In the framework of a starting collaboration between CEA and Centrum výzkumu Řež, a pile noise experiment was performed in the low power nuclear research reactor LR-0, located in Husinec-Řež, Czech Republic. The LR-0 research reactor is a light-water, zero-power, pool-type reactor. It serves as an experimental reactor for measuring neutron-physical characteristics of VVER (Water-Water Energetic Reactor) type reactors.
A pile noise experiment (referred to as HLUK, which stands for “noise” in Czech) was designed based on neutronic simulations performed with CEA Monte Carlo code TRIPOLI-4. The objective of this experiment was to measure the prompt neutron response in a reference configuration of the core and then to obtain the kinetic parameters (delayed neutron fraction and generation time) using well-established pile noise techniques.
Two high sensitivity 235U fission chambers were used, one in the center of the core and the other in the reflector. The signals were recorded with a dual channel current digitizer specially developed by CEA to acquire pile noise. A reactor dosimetry campaign using metal foils was performed to measure the reference core integral fission rate. Indeed, this is a key parameter to obtain the kinetic parameters from the raw signals.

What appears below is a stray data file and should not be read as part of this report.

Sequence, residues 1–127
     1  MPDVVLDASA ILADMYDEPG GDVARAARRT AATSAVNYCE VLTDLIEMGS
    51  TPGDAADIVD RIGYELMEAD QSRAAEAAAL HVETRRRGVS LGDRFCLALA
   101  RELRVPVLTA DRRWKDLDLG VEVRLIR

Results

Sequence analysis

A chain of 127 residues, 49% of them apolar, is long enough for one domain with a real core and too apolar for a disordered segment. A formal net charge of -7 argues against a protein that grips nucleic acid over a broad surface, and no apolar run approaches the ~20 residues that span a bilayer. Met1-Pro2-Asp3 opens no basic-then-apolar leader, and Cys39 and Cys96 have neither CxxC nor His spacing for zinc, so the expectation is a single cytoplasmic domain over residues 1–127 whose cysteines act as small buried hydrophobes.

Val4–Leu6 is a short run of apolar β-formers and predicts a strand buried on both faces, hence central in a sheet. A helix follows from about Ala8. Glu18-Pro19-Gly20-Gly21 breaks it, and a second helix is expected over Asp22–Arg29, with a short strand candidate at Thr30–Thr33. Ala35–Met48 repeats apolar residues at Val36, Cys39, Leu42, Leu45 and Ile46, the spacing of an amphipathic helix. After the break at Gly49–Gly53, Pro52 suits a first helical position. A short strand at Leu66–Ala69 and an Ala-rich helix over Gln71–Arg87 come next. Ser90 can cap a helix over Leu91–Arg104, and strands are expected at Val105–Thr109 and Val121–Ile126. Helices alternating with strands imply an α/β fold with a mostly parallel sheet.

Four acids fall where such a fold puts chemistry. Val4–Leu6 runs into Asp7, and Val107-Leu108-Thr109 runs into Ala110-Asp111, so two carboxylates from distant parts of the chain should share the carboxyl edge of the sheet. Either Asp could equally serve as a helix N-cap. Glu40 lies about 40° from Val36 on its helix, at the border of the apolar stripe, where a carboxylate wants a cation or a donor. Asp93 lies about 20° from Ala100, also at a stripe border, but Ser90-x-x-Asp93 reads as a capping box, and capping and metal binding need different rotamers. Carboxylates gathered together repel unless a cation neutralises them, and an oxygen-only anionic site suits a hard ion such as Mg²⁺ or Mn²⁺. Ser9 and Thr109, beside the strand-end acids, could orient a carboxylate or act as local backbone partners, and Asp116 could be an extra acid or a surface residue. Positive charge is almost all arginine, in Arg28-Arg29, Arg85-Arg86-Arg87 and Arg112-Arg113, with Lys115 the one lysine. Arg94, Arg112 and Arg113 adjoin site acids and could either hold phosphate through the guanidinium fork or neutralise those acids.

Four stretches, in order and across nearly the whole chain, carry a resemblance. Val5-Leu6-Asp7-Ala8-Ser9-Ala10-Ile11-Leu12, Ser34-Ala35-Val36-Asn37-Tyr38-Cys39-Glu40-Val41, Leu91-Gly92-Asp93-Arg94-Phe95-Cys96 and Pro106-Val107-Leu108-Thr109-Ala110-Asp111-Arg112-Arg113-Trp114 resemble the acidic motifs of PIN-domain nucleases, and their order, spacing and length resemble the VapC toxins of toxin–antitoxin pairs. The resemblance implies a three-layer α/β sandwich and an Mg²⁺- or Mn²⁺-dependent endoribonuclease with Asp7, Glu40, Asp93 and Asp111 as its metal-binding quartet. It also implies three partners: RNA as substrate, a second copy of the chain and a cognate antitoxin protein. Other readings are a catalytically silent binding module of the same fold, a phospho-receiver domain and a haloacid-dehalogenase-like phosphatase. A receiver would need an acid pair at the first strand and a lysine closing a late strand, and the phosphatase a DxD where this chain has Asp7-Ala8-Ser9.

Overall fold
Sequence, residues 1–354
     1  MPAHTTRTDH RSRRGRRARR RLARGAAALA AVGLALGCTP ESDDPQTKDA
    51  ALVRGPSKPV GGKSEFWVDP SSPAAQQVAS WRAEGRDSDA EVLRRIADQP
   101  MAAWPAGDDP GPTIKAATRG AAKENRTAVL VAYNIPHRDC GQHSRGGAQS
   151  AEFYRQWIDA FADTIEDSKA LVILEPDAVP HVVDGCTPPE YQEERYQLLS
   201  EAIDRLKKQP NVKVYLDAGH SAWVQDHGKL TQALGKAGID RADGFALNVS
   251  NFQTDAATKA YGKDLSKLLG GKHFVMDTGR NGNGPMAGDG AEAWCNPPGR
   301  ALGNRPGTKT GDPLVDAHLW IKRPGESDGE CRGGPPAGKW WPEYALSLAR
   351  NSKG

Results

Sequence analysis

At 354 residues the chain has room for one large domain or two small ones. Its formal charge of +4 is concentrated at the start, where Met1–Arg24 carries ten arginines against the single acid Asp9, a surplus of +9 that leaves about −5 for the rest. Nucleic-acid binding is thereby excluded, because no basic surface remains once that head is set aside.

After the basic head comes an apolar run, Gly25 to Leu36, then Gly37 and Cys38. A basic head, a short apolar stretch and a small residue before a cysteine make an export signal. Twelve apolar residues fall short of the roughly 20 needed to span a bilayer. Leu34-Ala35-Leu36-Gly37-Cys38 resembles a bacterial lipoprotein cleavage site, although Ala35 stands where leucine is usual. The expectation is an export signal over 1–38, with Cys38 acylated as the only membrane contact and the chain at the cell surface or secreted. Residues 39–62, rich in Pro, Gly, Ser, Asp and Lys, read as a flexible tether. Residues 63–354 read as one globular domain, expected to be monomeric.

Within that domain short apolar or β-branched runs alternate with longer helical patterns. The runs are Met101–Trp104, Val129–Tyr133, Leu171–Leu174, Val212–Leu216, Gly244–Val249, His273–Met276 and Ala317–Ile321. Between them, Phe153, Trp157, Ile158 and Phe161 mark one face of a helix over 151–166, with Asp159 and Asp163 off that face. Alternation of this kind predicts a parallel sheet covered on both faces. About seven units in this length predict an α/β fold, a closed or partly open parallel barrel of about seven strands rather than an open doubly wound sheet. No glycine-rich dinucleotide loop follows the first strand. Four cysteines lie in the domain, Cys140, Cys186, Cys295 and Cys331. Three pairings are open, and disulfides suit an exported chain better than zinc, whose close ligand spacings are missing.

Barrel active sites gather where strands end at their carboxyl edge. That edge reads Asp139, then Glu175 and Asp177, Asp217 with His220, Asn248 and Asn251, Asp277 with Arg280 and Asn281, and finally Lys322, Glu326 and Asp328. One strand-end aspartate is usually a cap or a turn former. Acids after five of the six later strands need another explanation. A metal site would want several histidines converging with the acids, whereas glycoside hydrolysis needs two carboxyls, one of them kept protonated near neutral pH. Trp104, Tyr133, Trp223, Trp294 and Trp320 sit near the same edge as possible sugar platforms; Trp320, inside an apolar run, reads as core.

In addition to measuring the kinetic parameters in LR-0 reference configuration, the impact of the distance the reflector detector and fuel was studied by progressively moving one detector away from the fuel elements. The objective was to find the maximum distance achievable without losing the pile noise signal.
In this paper, experimental results are presented and discussed, with a focus on the uncertainty analysis. The reference experiment was analyzed based on a fit of the power spectrum density (PSD) of the signals. The kinetic parameters are compared to the calculated values issued by TRIPOLI4 with JEFF-311 nuclear data library: 781.2(10) pcm for the delayed neutron fraction and 40.80(1) µs for the generation time of prompt neutrons.
From the various detection setups, we were able to construct an array of experimental curves coming from the same post-processing method. A graph showing the results of fit along with the distance between the detector and the fuel is then discussed. Recommendations are made on the how to place the detectors to optimize the pile noise experiment in terms of results quality and measurement duration.